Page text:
I found myself acting out the opening scene of King Lear in my mind. Just so that you too can see it Lear, the old King, has brought out a great map of his kingdom and laid it on the floor. He has decided to divide his domain between his three daughters – Goneril, Regan and Cordelia. He insists that before they receive their regal third they must tell him how much they love him. Goneril, the eldest, obliges. Then Regan out does her sister’s insincerity. They duly get the reward of their flattery. The youngest, Cordelia, is appalled as she is honest. Lear asks her
“What can you say to draw a third more opulent than your sisters? Speak!”
Cordelia: Nothing, my lord.
Lear: Nothing will come of nothing: speak again.
Cordelia: I cannot heave my heart into my mouth: I love your majesty according to my bond: nor more nor less.”
For her honesty Cordelia is banished. The tragedy for King Lear is that this single act drives him to madness and everyone to destruction. When I watched Murdoch and Trump I realised that despite their wealth and power they actually produce nothing. So it is that “nothing will come of nothing”. Well, nothing good anyway. Later on in the play when the storm of his own madness overwhelms him Lear rages to the tempest
“Blow, winds, and crack your cheeks! rage! blow!”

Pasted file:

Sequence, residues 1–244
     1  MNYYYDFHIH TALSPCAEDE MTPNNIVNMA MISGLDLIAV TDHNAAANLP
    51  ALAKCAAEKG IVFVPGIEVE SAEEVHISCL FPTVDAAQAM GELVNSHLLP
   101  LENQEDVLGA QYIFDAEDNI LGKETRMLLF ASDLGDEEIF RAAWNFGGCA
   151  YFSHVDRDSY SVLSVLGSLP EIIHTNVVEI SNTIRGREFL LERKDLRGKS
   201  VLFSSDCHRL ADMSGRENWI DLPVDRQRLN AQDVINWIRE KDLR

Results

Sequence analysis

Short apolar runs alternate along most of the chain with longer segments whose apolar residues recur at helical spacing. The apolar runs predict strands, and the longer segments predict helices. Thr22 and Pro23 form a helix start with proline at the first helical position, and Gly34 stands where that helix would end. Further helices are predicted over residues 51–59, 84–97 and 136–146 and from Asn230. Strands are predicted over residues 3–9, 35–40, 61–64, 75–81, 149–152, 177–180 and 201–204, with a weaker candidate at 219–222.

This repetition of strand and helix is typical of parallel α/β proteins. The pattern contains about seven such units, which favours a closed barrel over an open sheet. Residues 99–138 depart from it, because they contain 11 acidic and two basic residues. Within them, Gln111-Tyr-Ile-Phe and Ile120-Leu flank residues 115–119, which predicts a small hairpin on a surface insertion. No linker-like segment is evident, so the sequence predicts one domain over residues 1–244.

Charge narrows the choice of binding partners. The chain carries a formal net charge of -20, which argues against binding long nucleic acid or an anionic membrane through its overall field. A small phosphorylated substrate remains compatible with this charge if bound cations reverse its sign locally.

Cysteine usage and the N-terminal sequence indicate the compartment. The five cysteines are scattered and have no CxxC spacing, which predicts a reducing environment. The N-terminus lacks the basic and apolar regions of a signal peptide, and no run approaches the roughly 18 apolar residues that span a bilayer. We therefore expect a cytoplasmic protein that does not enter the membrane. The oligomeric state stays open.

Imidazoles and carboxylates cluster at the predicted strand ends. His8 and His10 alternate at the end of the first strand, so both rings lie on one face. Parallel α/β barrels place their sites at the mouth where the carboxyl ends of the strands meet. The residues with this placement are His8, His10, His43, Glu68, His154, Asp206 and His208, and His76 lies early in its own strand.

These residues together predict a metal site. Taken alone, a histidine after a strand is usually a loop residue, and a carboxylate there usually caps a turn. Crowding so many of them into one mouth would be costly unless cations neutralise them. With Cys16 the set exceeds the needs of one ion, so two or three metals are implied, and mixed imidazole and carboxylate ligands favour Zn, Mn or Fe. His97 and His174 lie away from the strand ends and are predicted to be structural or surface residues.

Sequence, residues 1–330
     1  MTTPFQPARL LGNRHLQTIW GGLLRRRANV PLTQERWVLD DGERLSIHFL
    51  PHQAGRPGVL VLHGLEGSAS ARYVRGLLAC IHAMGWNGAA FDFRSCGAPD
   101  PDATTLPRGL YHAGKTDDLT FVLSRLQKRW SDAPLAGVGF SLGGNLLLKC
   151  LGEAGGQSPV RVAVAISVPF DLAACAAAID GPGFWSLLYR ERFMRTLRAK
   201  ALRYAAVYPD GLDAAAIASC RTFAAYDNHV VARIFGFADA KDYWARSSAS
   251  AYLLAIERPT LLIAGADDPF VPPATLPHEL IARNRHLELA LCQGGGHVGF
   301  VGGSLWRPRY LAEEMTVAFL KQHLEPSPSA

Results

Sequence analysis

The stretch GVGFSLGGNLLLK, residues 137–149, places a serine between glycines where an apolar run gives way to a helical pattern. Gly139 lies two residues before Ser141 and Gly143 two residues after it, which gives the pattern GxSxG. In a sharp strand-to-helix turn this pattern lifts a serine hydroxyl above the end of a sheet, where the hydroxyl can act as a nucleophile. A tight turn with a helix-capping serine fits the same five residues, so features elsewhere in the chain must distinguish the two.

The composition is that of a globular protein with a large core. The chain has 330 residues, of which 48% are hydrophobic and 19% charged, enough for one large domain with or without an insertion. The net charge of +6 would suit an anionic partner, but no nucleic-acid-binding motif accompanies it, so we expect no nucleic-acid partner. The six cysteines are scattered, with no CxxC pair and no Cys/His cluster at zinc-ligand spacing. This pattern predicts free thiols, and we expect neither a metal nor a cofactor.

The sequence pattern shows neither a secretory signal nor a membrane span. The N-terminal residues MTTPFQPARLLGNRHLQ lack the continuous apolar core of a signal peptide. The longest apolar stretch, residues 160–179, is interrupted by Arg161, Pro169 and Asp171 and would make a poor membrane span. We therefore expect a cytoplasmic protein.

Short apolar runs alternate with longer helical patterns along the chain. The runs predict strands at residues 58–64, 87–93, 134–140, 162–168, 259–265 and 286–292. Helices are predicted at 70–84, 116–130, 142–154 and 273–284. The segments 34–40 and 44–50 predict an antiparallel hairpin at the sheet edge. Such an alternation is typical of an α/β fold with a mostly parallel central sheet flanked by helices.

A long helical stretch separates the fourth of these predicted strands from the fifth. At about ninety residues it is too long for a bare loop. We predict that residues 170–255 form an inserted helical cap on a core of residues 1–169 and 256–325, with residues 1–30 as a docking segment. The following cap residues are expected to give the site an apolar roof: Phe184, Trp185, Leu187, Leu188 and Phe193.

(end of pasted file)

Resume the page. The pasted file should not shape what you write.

On the same day as the gruesome Murdoch and Trump pageant was being paraded before our eyes another announcement slid below the radar of most of the self obsessed media and the cracking cheeks of the raging recession ignoring politicians. This was the plans for a 277 turbine windfarm eight miles off the Caithness coast next to the Beatrice oil field and for an even bigger 350 turbine proposal for the Moray Firth. This will make these developments, if they ever come to fruition – and the plans of Beatrice Offshore Windfarms Limited (BOWL) are well advanced – two of the biggest offshore renewable energy schemes in the world. This, according to the developers, will create thousands of jobs and put hundreds of millions of pounds into the Highlands. It’s enough to heave your heart into your mouth. Most un-Cordelia-like our politicians have perfected the art of putting their feet firmly into their mouths.